Krisha opens with a close-up of an older woman’s face, held for a surprisingly long time. Her expression is hard to read, but begging to be understood. Over the course of just over 80 minutes, that face will put herself and the audience, as well as the estranged family around her, through an emotional ringer.
Krisha is showing up for Thanksgiving dinner at her sister’s house for the first time in a decade. While everyone is initially eager to welcome her, it’s quickly clear that she may not be welcome there by everyone. It’s also clear that she’s not entirely sold on being there herself. She seems overwhelmed by the chaos of the day, between meal preparation and talking to family members. Her trips upstairs to her stash of pills only confirms that things will eventually go wrong. It’s just a matter of how wrong, especially as it becomes clear that Krisha is a recovering alcoholic, and she’s trying to reconnect to her long-estranged son in particular.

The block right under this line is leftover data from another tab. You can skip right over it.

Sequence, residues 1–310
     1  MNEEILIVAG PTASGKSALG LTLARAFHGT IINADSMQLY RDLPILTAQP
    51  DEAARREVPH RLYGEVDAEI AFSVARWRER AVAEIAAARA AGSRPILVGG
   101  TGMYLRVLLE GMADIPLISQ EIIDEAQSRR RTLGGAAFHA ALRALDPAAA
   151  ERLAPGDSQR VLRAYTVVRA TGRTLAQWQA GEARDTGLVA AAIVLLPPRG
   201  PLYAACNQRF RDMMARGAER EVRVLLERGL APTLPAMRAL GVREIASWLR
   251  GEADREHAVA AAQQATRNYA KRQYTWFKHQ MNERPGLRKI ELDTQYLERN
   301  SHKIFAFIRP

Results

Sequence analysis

Krisha is a surprisingly taut film. There’s a gradual but constant sense of escalation to the family’s matters. While this type of film isn’t exactly new, it’s hard to think of one that avoids Hollywood clichés with such precision. Its conclusion pulls no punches, as it returns to that opening shot of Krisha’s face – this time, with many of our questions answered. Or are they?